Sette in a cloude holde here a fresshe ymage,
Remembrethe eeke by gret excellence,
In this mater avoyding al outrage,
Given to man here in oure pilgrymage,
This sacrament after his doctryne
Is Crystis body, repaste of our passage,
By the Hooly Gooste take of a pure virgyne.
The noble clerc, the doctour ful famous,
Wrytethe and recordethe, remembring truly
Geyns heretykes, hoolly Jeronimus,
Howe that this hoost is hole in ech partye
Bothe God and man, Cryste Jhesus verraily,
In eche partycle hoole and undevyded,
This oure byleve and creance feythfully,
Oute of oure hertes alle errours circumcyded.
Moral Gregore, ful weele reherce he can
In his wryting and vertuous doctryne,
This glorious doctour, this parfyte hooly man,
Touching this bred dothe thus determyne,
Howe it is flesshe toke of a pure virgyne.
Geynst al seeknesse our cheef restoratyf,
Oure helth, welfare, richchest medisyn,
This sacrament this blessed bred of lyf.
Blessed Austyne rehersethe in sentence,
“Whan Cryste is ete or resceyved in substaunce,
That lyf is eten of hevenly excellence,
Oure force, oure might, our strenkethe, oure suffisaunce,
Qwykenyng oure herte with al goostly plesaunce,
Repast ay lasting, restoratyf ternal,
And remedy geynst al oure olde grevaunce
Brought ine by byting of an appul smale.”
Ambrosius, with sugerd elloquence,
Wrytethe with his penne and langage laureate,
With Crystis worde substancial in sentence,
“The sacrament is justely consecrate
Oure daily foode, renuwyng oure estate,
Recounseylling us whan we trespas or erre,
And mathe us mighty with Sathan to debate
To wynne tryumphe in al his mortal werre.”
Maistre of storyes, this doctour ful notable,
Holding a chalys here in a sonne clere,
An Ooste aloft gloryous and comendable,
A pytee pleyning with a ful hevy cheere,
With face doune caste, shewing the manere
Of hir compleynte with her pytous looke,
Ellas, she bought hir sones dethe to deere,
Whan he for man the raunsoun on him tooke.
This hoolly Thomas, called of Algwyne,
By hie myracle that sawghe persones three,
An ooste ful rounde, a sunne about it shyne,
Joyned in oon by parfyte unytee,
A gloryous liknesse of the Trynitee,
Gracyous and digne for to beo comended,
With feyth, with hope, with parfyte charitee,
Al oure byleeve is thereinne comprehended.
With theos figures shewed in youre presence,
By divers likenesses you to doo plesaunce,
Resceivethe hem with devoute reverence,
This bred of lyfe yee kepe in remembraunce
Oute of this Egipte of worldely grevaunce,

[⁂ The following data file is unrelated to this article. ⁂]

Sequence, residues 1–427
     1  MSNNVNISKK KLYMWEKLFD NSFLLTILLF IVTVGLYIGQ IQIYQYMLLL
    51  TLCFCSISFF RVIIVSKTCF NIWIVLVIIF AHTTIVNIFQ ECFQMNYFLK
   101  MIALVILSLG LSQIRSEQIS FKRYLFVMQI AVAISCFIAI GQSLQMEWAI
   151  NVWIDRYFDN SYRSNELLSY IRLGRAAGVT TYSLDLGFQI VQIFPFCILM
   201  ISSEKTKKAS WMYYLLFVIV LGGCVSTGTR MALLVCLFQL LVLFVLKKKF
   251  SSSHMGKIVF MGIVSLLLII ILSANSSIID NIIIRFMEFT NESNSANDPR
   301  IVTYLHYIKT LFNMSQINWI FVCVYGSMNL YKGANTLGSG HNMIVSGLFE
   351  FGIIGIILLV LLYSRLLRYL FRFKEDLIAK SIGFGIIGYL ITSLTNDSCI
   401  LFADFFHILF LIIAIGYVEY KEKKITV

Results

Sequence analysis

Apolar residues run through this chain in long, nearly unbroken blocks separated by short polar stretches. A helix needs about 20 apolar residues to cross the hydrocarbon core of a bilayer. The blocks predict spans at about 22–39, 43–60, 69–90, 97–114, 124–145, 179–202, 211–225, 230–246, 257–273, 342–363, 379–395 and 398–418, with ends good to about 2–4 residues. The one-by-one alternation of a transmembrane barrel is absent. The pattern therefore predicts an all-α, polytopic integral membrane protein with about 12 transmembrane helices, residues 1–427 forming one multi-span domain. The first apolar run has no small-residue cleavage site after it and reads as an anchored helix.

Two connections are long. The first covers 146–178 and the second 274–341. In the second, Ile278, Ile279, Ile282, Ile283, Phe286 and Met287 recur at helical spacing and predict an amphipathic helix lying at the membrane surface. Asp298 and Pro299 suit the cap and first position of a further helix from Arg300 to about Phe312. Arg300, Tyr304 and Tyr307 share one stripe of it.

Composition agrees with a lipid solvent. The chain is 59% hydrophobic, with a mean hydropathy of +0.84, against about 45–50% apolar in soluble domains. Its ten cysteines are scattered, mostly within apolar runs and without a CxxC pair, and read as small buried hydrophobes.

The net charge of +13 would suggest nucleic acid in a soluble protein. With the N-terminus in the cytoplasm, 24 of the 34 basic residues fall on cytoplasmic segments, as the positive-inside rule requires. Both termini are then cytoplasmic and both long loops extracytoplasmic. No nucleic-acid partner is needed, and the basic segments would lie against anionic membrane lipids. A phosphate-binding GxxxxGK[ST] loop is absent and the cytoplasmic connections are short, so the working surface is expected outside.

Youre restoratyf celestyal manna,
Of which God graunt eternal suffysaunce
Where aungels sing everlasting Osanna.
[Shirley kouthe fynde no more of this copye.
holy feast; celebrate; (see note); (t-note)
spiritual; guide; (see note); (t-note)
to illuminate; (t-note)
fashioned out of likenesses; (see note)
strange signs; (t-note)
mind’s eye; (see note)
Dyed; (see note)
Maundy Thursday; (t-note)
take special note of this; (t-note)
I make mention of; (t-note)
chose to show His grace; (see note); (t-note)
(see note); (t-note)
the Holy Ghost; (t-note)
Rose; alive; (see note)
[the apostle] Luke
saw; (see note)
Host (i.e., eucharistic wafer); seen; (t-note)
public compensation for
Moses; (see note)
like Phebus’ (i.e., the sun’s) beams; (see note)
ark; (see note)
having the quality of; (see note)
Christ’s passion; (t-note)
chosen; killed; (see note)
bear; lion; (t-note)
true; his; (t-note)
wisdom; (see note)
fortified; red cliff
take heed; (t-note)
By prophetic dream; (t-note)
quickly went to work
beaten and sifted
(see note); (t-note)
sheaf of wheat
chosen from Jesse’s lineage
Holy; (see note)
breadth and length; (t-note)
spiritual strength; (t-note)
censer; (see note)
balm; sweet; (t-note)
purity; (see note)
began to point out
Lamb of God
Easter morning to put an end to; (t-note)
sickness; restoration; (t-note)
as solid as a rock
chalice cover; (t-note)
sins; (see note)
exalted; (see note)
To ward off all doubt
the imperial city
safeguard; to abide
St. Paul; writes; (see note)
eats his fate; damnably; (t-note)
unless he is free of sin
called master of doctrine; (see note)
cleric; (see note)
complete; (see note)
belief and doctrine; (t-note)
recount; (see note); (t-note)
bread (i.e., the eucharistic wafer)
Against; sickness; chief medicine
Augustine explains in [his] teaching; (see note); (t-note)
eaten; (see note)
ever; eternal; (t-note)
apple; (see note)
sweet rhetoric; (see note)
weighty in meaning
(see note); (t-note)
chalice; bright; (t-note)
Host (i.e., the eucharistic wafer); (t-note)
A pietà (sorrow) lamenting; sad mien; (see note); (t-note)
too dear; (t-note)
(see note); (t-note)
(see note); (t-note)
(see note); (t-note)
Go To Soteltes at the Coronation Banquet of Henry VI